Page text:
Brooklyn Brewery craft beer is paving the way for a full Brooklyn style takeover of Sweden, which already has a deep "hipster bromance" with the New York borough. At least, those are the words of a Bloomberg News article this morning that details the brewery's move to the land of meatballs and Ikea. The craft beer company will open a new brewery and restaurant in Stockholm, which, in typical Brooklyn style, will be located in an old light-bulb factory.
Why Sweden, exactly? Well, those Scandinavians do love their partying and their beer — who doesn't, of course — but they particularly love craft beer. Sweden is already the U.S.'s 2nd-largest importer of craft beer and is the largest single country importer of Brooklyn Brewery's liquid confections. The Williamsburg brewery, which actually brews some of its beers in upstate Utica, recently noticed that its tour of the brewery was being overrun with Swedish tourists intent on getting as close as possible to the beloved drink. Now, Stockholmies (do they call themselves that?) can enjoy Brooklyn Brewery in their own backyard.
But it's not just the beer that Swedes love about Brooklyn; it's a little bit of everything. "You can just slap the word 'Brooklyn' on anything and every fucking hipster will buy it," one Stockholm resident told New York magazine earlier this year. Why Brooklyn, exactly? “Brooklyn and Sweden both have loads of hipsters,” Swedish promoter Annelie Telford said to The Brooklyn Paper. Swedes, good luck escaping those flannel-wearing, artisanal-loving 20-somethings now.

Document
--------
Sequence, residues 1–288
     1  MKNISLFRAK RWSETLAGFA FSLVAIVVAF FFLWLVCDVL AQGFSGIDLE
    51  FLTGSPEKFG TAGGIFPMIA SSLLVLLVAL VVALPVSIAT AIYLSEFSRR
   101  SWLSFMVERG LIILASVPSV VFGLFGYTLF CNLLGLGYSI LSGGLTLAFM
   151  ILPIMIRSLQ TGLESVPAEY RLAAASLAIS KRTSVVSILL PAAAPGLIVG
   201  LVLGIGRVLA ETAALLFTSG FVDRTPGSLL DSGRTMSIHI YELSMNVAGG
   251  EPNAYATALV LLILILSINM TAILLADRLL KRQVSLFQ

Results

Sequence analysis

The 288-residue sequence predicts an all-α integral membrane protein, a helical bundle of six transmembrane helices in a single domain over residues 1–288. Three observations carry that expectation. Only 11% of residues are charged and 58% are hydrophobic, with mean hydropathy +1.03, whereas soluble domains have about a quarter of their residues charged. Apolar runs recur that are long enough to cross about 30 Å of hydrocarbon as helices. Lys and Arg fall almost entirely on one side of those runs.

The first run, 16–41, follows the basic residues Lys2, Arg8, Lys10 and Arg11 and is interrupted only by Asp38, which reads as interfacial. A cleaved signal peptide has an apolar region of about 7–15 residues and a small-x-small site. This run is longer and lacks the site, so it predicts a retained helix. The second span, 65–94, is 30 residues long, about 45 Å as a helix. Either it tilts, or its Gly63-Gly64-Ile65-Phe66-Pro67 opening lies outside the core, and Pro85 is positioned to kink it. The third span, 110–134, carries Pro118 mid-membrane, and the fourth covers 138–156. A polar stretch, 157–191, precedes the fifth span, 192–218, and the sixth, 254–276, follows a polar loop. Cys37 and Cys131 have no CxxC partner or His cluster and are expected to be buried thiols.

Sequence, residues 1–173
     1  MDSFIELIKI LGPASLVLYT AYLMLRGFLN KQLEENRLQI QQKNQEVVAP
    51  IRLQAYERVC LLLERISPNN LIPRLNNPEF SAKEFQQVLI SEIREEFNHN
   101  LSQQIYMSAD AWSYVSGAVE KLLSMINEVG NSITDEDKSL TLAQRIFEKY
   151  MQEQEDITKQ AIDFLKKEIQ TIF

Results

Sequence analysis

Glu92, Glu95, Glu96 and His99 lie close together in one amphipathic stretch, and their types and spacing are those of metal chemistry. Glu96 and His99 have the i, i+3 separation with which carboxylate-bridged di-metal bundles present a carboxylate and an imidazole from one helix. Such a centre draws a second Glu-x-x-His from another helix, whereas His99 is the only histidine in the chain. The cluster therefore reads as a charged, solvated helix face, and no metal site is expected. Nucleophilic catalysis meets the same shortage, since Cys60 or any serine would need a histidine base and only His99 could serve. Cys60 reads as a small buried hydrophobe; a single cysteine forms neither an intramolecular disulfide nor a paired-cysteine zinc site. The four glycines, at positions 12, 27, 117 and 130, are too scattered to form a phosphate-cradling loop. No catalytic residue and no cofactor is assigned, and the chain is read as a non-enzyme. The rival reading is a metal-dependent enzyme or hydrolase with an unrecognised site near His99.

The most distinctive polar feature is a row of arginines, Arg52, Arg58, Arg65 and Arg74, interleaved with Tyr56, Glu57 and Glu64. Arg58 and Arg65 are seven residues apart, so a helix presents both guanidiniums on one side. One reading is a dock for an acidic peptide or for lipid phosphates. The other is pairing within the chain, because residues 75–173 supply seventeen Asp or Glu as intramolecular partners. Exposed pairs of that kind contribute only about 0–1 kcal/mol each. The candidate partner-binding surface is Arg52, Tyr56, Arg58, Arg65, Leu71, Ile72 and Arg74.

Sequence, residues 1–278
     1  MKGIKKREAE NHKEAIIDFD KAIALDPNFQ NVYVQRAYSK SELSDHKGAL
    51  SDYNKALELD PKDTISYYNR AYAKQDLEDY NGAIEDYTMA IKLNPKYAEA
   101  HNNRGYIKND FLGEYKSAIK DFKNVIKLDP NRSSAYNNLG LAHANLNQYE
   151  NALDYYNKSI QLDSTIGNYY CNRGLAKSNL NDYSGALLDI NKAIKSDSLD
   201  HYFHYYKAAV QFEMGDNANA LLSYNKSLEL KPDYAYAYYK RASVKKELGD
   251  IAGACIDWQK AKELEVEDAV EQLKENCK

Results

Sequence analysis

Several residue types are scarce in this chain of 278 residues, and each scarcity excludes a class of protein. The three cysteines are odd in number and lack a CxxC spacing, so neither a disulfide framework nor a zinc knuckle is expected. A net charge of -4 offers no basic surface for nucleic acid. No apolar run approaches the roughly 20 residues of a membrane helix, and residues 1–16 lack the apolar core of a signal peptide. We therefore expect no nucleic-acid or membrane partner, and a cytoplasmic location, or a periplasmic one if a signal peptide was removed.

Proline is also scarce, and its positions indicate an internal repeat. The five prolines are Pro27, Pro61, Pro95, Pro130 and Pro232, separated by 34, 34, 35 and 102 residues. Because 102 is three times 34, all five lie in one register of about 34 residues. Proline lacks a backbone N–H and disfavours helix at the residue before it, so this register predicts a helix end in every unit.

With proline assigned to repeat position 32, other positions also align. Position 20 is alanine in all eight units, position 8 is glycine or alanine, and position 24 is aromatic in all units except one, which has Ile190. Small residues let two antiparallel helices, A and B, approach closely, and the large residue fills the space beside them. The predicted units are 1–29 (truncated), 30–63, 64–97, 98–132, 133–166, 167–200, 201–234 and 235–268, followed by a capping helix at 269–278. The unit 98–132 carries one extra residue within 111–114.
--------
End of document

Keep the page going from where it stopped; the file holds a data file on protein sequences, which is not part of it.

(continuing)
The Williamsburg brewery has been stoking this love for the past few years, particularly with its Brooklyn, Sweden music festival. Now in its second year, the four-day event sends a series of Brooklyn-based bands, art, and food to Stockholm in a mix of indie-punk rock, electronic dance music, and grungy hip hop. Throw in a climate that actually requires its residents to wear beanies and flannel, and the Brooklyn-Sweden connection is thriving.
So the spread of Brooklyn-style hipsterdom won't be stopping at the Atlantic Ocean anymore, and it has already taken up residence in Paris, too. For hipster-haters, it just might be time to sit back, accept the loss, and just drink away the sorrows. With a Brooklyn Lager, of course.
(Photo of Brooklyn Brewery: AP Photo/Richard Drew)
This article is from the archive of our partner The Wire.
We want to hear what you think about this article. Submit a letter to the editor or write to firstname.lastname@example.org.